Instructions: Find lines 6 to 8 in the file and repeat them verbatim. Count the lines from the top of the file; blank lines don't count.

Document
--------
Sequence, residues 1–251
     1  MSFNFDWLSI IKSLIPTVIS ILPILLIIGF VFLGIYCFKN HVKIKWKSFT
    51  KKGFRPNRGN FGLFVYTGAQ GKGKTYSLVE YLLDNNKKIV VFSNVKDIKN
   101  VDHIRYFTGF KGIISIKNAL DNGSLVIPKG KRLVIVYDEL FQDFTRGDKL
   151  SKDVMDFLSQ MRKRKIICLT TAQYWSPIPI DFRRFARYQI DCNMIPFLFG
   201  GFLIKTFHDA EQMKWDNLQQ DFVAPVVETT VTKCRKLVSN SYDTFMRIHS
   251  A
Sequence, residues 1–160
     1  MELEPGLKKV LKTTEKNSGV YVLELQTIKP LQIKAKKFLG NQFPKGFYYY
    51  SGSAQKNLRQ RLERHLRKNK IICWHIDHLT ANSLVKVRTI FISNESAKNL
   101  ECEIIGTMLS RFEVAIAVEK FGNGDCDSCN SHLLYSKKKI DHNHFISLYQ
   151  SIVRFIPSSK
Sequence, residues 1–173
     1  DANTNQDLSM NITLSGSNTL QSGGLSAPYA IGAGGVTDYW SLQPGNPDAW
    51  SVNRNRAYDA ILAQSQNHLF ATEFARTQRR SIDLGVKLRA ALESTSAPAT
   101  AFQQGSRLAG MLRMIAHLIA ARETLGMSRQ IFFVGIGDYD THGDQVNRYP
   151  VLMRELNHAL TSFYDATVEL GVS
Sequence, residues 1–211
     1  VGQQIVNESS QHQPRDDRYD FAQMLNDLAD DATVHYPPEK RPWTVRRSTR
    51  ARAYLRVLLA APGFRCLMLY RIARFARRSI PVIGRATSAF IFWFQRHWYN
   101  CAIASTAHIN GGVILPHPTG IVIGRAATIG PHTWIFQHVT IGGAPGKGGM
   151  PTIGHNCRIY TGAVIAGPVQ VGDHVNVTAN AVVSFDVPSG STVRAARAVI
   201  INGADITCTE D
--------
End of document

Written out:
   201  GFLIKTFHDA EQMKWDNLQQ DFVAPVVETT VTKCRKLVSN SYDTFMRIHS
   251  A
Sequence, residues 1–160